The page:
The Food and Drug Administration is reviewing asbestos testing after traces of the carcinogen were found in several products, including Johnson & Johnson’s Baby Powder.
A hearing focusing on testing standards recommended by an expert panel revealed on Tuesday that the testing examination is the FDA’s first in 50 years.
In 2018, a Reuters report claimed Johnson & Johnson ‘knew for decades’ that asbestos could be found in its talc.
The report even claimed J&J failed to tell the FDA that between 1972 and 1975 three of its labs found asbestos in their talc products, although the company denied the claim.
Calls for stricter safety regulations were recently made by public health authorities and experts for plaintiffs in lawsuits who allege contaminated talc caused their cancers.
J&J, however, has strongly defended the safety of its talc- noting its tests found no asbestos in samples from the same bottle examined by the FDA, other than some the company attributed to a laboratory air conditioner.
In a statement, the company added it looks forward to seeing the FDA’s “thorough review of the most effective and reliable ways to test for asbestos in cosmetic talc.”
The pharmaceutical company has spent more than double its research and development budget of $8 billion in recent years.
An industry trade group, the Personal Care Products Council, criticized recommendations made at the hearing, arguing they would not improve public safety.
The cosmetic talc industry has not been required to test for asbestos for decades, despite similar minerals being found together in the ground.
The situation may be about to change, however, as one expert recommendation noted mineral particles are small enough to be drawn to the lungs, which could be potentially harmful.
A government toxicologist added that a wide range of spear-shaped minerals can trigger cancer, including asbestos, so testing should now be compulsory. Some studies claim exposure to the particles could even lead to heart problems.
Senior advisor with the National Institute of Environmental Health Sciences Christopher Weis agreed. He noted research that has shown conventional lab testing can fail to detect a full range of hazardous particles with the ability to trigger the development of cancer needing efficient treatment.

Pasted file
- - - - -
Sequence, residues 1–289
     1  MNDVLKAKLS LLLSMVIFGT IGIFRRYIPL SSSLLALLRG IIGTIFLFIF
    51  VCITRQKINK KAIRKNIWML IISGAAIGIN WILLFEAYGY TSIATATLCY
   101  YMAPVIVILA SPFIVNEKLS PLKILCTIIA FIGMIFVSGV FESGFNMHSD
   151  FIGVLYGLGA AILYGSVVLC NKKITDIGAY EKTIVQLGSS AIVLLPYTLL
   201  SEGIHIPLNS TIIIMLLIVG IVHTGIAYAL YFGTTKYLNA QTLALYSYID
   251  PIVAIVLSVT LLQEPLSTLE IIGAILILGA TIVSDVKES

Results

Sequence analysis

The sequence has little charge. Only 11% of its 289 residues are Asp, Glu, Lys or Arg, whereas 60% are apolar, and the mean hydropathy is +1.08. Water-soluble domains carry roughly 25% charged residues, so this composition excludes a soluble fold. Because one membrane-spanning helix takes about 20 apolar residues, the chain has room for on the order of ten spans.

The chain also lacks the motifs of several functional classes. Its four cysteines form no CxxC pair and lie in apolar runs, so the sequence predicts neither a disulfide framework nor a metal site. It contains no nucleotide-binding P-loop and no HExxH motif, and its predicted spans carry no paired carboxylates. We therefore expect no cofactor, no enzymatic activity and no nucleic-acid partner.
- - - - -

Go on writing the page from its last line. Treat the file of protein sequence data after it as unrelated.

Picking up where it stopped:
He added: “Short EMPs are not conventionally counted or included in lab reports. As a toxicologist, this is unacceptable.”
Chief Operating Officer of Personal Care Products Council Mark Pollak said counting more particles would result in ‘misleading’ reports.
He said: “Counting all (elongated mineral particles) would provide misleading reports, suggesting the presence of asbestos when none exists. The key to effective testing is the identification of asbestos, not harmless minerals.”
Senior Vice President for Government Affairs at Environmental Working Group Scott Faber had other ideas, claiming the current system has ‘failed consumers’.
He urged the FDA to introduce more rigorous testing methods and said warning labels should be added to talc products to tell consumers products may contain traces of asbestos.
Faber added: “Let’s not wait another 50 years to finally protect consumers.”
Although the US Occupational Health and Safety Administration and the Environmental Protection Agency began limitations of asbestos exposure in the 1970s, reports have accused the FDA of downplaying health concerns.
Director of the FDA’s office of cosmetics and colors, Dr. Linda Katz, has said the panel from the hearing will continue to study the issues surrounding possible asbestos in cosmetics and plans to publish a white paper.
A timetable has not been announced to answer whether the FDA will pursue new testing rules in the future as of yet.